christian piety. Where is the German who could sing that beautiful and energetic psalm, “ Ein' veste Burg ist unser Gott," and not feel himself thereby strengthened for the highest efforts against spiritual and temporal oppression ? The psalm, with an English version, is here presented to you ; * and it will be perceived that Luther's performance has been rarely equalled for vigour and truly christian courage, whether we consider the spirit, or the irresistible power of its expression.

* [In order to bring the German original and the English version opposite each other, this Psalm is transferred to the following page.—Printer's Note.]

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A bulwark is our God, and he
Our sword and shield is found;
From dangers all, he sets us free,
That now our steps surround.
The old and evil foe
Prepares his deadliest blow:
Great might and matchless guile
Are his resources vile;
Herein, none like him earth can show.

And what though fiends the earth should fill,
And would our souls devour?
This wakes in us no fear of ill :
We yet shall overpower.
The prince of this world may
His direst force display ;
Yet is he judged, and thus
No terrors hath for us :
A word can scatter his array.

By our own strength is nothing done,
And we full soon must fall,
But that for us God's Chosen One
Is battling best of all.
Seek ye to know the same?
Christ Jesus is his name,
The Lord of Sabaoth,
The true and only God :
By him victorious must the field be trod.

The word they shall allow to stand ;
For this no thank have they :
God's blessing and his bounteous hand
Are with us on our way.
Then let them take our life,
Goods, honours, child, and wife:
Yield them these treasures vain ;
For nothing is their gain,
While still to us God's kingdom must remain !

We must now take leave of this splendid genius, and, in so doing, I should wish all such, as may intend to pursue a thorough study of modern German literature, to be assured, that they can commence with no better author than Luther. He stands at the beginning of the sixteenth century, like a beacon shedding its rays on the ocean of German literature, till the time of Lessing, when a bright and cloudless day begins to dawn. In closing my remarks on Luther, I cannot do better than corroborate them by an eminent authority—that of the most distinguished inquirer into the German and Teutonic languagesJacob Grimm; a man whose indefatigable researches will perhaps be better appreciated by posterity than by the present generation. In the preface to his German Grammar, he says:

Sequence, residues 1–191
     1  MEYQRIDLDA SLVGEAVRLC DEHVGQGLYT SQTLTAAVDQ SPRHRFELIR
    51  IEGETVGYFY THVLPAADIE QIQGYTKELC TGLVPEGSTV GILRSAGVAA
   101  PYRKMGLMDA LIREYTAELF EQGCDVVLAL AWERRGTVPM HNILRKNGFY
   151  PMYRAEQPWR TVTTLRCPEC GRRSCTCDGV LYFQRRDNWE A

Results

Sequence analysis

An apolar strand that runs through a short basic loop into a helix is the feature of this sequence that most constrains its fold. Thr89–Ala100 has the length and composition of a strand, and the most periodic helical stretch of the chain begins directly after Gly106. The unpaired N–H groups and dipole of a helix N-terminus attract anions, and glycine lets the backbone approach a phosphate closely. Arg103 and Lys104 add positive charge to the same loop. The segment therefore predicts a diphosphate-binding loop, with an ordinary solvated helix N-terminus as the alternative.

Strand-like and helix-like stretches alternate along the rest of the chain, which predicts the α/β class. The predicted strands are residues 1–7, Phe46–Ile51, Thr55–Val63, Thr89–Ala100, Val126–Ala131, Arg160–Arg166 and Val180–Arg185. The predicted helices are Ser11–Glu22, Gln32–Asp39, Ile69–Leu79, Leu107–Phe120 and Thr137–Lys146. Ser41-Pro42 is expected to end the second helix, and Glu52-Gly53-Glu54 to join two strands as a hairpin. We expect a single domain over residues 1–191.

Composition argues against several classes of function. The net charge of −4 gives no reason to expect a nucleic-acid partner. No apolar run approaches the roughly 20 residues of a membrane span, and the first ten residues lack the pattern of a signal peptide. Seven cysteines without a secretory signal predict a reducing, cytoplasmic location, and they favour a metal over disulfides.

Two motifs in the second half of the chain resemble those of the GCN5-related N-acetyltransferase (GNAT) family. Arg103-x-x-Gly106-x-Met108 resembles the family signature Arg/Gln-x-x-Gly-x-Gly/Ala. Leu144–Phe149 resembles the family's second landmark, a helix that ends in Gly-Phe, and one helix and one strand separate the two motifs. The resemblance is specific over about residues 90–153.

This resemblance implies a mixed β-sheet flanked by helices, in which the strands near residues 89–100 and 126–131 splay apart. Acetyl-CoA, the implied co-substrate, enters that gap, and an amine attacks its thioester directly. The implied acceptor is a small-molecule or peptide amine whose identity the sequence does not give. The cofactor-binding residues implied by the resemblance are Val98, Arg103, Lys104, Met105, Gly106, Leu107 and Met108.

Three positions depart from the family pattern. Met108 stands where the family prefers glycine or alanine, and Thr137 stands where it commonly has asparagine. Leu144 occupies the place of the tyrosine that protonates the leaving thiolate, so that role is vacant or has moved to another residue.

“ The language of Luther, by reason of its noble and almost miraculous purity, and also on account of its powerful influence, must be considered as the kernel and the foundation of the settlement of the modern High German language ; from which, down to the present time, but little deviation, and that little to the detriment of energy and expressiveness, has been made. In fact, the High German may be designated as the protestant dialect, the freedombreathing nature of which has long since insensibly overpowered the poets and authors of the catholic persuasion.”

He goes on to say :-“Whatever has nourished the spirit and form of language, whatever has re

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vived it, and called forth the flowers of modern poetry, we owe to none more deeply than to Luther."

In the writings of Luther, but few obsolete words occur, and those easy to be understood by the student. I shall particularly recommend the perusal of a collection of choice extracts from his works, by Niethammer, in two volumes, entitled “ Weisheit Luthers ” (Wisdom of Luther), which was published at Nürnberg in 1817.


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